"Cancer Clusters" And Environmental Pollution
June 13, 2001
Federal, state and academic investigators who study cancer clusters across the country told members of the Senate Cancer Coalition last week that the public remains concerned that elevated cancer rates in their communities could come from pollution in the air, water and soil. Recent movies depicting a link between environmental pollution and cancer, including "Erin Brockovich," have stoked the public's fears.
Yet, some of the experts asked lawmakers and the public not to stake too much on cancer cluster investigations. They pointed out:
- Most cancer clusters can be blamed on smoking, poor diet and other lifestyle factors.
- Only for 10 percent to 15 percent of 1,900 possible cancer clusters reported to federal and state officials in 1996 were cancer rates shown to be increased in specific areas.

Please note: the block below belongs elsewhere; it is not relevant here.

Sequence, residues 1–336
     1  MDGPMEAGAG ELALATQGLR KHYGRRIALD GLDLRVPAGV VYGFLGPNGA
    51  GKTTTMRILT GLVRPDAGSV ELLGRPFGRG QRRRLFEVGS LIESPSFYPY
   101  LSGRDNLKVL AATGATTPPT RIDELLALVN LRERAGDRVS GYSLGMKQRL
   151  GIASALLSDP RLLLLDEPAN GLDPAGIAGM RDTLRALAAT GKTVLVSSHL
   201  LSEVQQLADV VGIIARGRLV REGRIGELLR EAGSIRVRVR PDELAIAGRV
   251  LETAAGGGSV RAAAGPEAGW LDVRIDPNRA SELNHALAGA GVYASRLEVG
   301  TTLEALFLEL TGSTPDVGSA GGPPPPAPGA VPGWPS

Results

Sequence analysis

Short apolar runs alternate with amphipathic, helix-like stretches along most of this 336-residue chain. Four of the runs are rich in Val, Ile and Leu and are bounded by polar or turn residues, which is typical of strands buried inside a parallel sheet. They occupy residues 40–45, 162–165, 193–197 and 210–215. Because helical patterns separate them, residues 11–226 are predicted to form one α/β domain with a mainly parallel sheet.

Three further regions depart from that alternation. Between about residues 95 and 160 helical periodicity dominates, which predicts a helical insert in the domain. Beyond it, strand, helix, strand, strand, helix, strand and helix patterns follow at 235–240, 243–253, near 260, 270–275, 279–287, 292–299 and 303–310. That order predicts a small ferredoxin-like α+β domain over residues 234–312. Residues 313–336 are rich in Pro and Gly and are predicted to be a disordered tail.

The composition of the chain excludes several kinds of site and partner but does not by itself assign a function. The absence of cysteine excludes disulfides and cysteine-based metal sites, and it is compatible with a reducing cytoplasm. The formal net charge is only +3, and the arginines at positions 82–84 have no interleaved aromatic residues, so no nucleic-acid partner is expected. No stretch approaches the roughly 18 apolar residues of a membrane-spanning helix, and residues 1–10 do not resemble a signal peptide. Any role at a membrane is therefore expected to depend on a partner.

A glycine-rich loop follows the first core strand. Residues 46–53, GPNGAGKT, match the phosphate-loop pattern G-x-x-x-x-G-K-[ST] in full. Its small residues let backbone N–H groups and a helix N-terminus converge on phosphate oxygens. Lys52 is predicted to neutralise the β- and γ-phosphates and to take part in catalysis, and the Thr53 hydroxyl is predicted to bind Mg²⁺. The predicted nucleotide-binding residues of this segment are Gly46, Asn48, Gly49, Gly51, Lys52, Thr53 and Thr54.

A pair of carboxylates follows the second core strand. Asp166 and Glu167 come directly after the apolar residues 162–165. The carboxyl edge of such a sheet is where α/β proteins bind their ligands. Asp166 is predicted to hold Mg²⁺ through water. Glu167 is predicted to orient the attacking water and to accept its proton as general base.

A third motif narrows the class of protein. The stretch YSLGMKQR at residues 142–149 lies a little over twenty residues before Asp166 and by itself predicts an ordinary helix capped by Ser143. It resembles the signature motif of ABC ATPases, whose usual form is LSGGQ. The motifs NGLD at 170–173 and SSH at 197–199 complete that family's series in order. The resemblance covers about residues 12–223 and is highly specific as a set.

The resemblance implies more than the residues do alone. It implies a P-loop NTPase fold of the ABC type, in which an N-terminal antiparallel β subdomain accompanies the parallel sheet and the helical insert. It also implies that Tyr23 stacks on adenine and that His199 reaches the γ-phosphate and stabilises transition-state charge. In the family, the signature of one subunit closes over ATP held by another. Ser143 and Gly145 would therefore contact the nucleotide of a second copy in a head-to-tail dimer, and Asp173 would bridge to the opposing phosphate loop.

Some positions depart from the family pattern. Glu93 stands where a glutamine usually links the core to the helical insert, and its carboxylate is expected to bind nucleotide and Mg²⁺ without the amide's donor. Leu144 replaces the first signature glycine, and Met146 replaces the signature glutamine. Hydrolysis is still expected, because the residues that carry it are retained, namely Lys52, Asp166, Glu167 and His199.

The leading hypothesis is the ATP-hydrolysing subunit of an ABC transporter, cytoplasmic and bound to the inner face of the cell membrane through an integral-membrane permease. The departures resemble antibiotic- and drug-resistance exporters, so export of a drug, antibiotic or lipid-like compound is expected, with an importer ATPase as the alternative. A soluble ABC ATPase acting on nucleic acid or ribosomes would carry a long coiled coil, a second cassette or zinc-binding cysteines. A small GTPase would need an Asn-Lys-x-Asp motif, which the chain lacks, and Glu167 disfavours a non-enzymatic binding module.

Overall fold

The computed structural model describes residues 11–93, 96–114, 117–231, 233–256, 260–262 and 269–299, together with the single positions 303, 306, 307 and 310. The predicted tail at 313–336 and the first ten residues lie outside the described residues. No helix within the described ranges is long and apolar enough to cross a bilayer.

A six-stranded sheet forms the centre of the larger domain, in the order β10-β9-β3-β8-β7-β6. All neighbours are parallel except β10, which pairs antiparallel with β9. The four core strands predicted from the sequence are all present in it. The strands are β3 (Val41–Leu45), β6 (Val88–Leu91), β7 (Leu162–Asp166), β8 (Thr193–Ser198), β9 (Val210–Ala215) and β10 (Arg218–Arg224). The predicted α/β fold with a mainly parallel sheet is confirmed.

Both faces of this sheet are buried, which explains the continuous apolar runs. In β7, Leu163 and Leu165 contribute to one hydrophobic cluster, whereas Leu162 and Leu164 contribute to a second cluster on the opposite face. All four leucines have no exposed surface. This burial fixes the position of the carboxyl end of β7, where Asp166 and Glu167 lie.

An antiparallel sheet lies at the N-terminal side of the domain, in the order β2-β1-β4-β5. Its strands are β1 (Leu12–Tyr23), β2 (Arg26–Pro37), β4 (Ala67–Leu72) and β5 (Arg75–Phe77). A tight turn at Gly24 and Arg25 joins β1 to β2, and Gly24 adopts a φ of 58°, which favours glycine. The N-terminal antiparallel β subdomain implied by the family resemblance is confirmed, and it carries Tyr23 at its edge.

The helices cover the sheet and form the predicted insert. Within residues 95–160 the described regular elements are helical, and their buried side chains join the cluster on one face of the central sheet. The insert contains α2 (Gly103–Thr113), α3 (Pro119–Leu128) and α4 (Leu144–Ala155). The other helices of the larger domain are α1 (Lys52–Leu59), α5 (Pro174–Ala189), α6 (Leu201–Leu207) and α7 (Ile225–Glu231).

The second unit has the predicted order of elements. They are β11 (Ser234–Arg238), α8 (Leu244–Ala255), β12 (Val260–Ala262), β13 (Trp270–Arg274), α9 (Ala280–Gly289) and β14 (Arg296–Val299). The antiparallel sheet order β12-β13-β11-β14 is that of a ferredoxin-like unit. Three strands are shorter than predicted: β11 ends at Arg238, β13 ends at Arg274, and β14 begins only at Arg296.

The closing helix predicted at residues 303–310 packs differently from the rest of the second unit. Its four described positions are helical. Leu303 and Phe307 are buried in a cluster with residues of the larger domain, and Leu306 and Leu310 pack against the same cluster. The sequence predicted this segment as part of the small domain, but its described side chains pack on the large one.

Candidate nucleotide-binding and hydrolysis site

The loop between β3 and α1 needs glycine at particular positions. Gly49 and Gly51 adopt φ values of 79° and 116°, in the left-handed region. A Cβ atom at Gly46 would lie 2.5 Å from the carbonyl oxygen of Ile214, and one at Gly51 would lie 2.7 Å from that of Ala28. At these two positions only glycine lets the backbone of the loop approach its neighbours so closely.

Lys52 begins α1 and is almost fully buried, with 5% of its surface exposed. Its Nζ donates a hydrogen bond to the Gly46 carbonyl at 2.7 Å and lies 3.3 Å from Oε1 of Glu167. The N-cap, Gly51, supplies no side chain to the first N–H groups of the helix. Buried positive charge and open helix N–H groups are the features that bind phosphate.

- And of the thousands of cluster studies that have been done, only one study has ever definitively linked a cancer cluster to an environmental pollutant in a community, though others have linked occupational exposures to cancers in workers.
Sen. Dianne Feinstein (D-Calif.), who chairs the cancer coalition, plans to introduce legislation later this summer that would revise the 1971 National Cancer Act to fund efforts to improve data collection surrounding cancer clusters, says Reuters Health.
Source: "Proven Cancer Clusters Rare; Investigators Want Better Data Collection," Reuters Health, June 5, 2001.
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